Today my teacher said that you are able to say "quelle école". I don't understand how this is done because there are two vowels in a row. When I asked her, she wasn't able to explain the details. Maybe you don't hear the vowel at the end of "quelle", or is there really two distinct vowels?
In French as spoken in the north of France and in particularly in Quebec, the letter e at the end of a word does not always call for a vowel sound. If you listen to one of these speakers you will not be able to tell the difference between quel [kɛl] or quelle [kɛl] nor between seul [sœl] and seule [sœl], among many other gender dependent examples. It can however become a vowel if too many consonants are around, usually starting from 3 or more, like in notre liberté. It's realization can be anything between a mid-central vowel [ə] or a rounded [œ] or [ø], but in any case it is never stressed. Some speakers also tend not to add any vowel at all and drop liquid consonants instead: /'nɔtʁ(ə) libɛːʁte/ is pronounced [nɔt libɛːʁte], arbre /aʁbʁ(ə)/ is pronounced [aʁb], etc.
Your example quelle école does not contain long clusters of consonants and is therefore simply pronounced [kɛl‿ekɔl]. Only one vowel is heard between the two words.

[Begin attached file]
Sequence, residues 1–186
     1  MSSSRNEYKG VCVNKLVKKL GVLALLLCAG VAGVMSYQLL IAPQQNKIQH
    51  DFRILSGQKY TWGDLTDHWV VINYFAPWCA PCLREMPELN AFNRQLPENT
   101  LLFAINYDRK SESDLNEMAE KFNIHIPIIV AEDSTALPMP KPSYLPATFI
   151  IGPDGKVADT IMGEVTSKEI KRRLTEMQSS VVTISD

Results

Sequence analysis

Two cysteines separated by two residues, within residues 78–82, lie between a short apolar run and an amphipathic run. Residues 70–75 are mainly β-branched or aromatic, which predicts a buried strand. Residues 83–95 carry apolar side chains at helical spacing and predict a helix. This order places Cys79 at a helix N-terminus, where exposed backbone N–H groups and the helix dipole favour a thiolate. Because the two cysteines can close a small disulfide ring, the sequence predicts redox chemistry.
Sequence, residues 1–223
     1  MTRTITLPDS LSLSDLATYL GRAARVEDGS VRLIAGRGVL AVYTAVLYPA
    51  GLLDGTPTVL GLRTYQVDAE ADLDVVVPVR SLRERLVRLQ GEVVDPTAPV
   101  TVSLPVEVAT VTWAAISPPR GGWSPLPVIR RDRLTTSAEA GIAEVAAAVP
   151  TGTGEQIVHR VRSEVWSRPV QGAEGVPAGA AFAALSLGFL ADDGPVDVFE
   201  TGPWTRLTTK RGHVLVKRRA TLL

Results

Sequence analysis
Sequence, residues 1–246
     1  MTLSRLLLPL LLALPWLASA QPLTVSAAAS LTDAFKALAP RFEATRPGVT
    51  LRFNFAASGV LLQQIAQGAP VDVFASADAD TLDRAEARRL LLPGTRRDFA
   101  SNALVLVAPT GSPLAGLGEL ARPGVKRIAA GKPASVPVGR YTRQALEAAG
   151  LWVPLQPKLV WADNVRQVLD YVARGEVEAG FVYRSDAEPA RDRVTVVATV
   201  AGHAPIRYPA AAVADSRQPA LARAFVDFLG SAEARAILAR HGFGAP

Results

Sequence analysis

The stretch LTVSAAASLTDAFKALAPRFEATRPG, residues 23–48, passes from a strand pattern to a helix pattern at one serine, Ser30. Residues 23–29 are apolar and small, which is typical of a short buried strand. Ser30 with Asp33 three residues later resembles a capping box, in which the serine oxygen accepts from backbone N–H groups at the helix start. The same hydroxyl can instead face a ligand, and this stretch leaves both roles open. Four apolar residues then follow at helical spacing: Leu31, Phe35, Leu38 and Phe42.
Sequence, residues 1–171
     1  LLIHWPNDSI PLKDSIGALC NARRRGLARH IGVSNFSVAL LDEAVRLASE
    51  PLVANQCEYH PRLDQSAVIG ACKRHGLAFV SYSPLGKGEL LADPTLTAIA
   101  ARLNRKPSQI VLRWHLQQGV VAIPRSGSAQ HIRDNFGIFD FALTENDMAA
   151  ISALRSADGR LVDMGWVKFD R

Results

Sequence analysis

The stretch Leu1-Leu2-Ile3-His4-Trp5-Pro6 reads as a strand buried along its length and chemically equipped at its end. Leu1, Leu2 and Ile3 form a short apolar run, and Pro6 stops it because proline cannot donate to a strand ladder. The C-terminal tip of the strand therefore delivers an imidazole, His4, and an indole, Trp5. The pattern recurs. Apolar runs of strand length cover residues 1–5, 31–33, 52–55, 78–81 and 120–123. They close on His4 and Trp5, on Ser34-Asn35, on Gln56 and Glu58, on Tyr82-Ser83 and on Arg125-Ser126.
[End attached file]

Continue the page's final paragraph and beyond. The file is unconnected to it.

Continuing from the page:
The pronunciation is approximately the same in the south of France and in Swiss and Belgian varieties of French but for different reasons. In these regions there is a perceptible difference between quel [kɛl] and quelle ['kɛlə] or seul [sœl] and seule ['sœlə], etc. Notice again that the stress is never on the final /ə/ and that its realization is close to a mid-central vowel [ə]. This sound is so neutral that it is disappears completely if any vowel comes before or after. The only perceivable change could be the length of the vowel. It is reported that this length difference is somewhat noticeable in Swiss and Belgian pronunciations.
Quelle école could therefore be pronounced [kɛl‿eːkɔlə], with a still single but slightly longer vowel. Diphthongs are reported in the Swiss variety when the /ə/ comes after the vowel, but in this case I don't think a diphthong ever occurs (please comment if you know about this).
Everything about these /ə/ is explained in French here: http://www.projet-pfc.net/le-francais-explique/le-e-muet
Having two vowel sounds in a row does not hinder the pronunciation of French but the fact that when you say
quelle école /kɛl ekɔl/
you only hear one vowel sound is explained by the fact that the letter "e" at the end of "quelle" is not sounded. Usually the final "e" of a word is not sounded in French unless it is the only vowel in the word. (As in "le").
is pronounced the same as masculine
When you pronounce "quelle école" you do not pronounce the letter "e" at the end of "quelle" and the vowel "é" is pronounced /e/ at the beginning of "école" making a liaison with the preceding /l/ sound.
It is the same with a word starting with a different vowel sound
quelle activité /kɛl aktivite/
Your confusion might arise from the fact that sometimes in French we elide the "e" for pronunciation purposes, such as at the end of "le" and "de" when the next word begins with a vowel sound:
le arbrel'arbre la orangel'orange
- je ne veux pas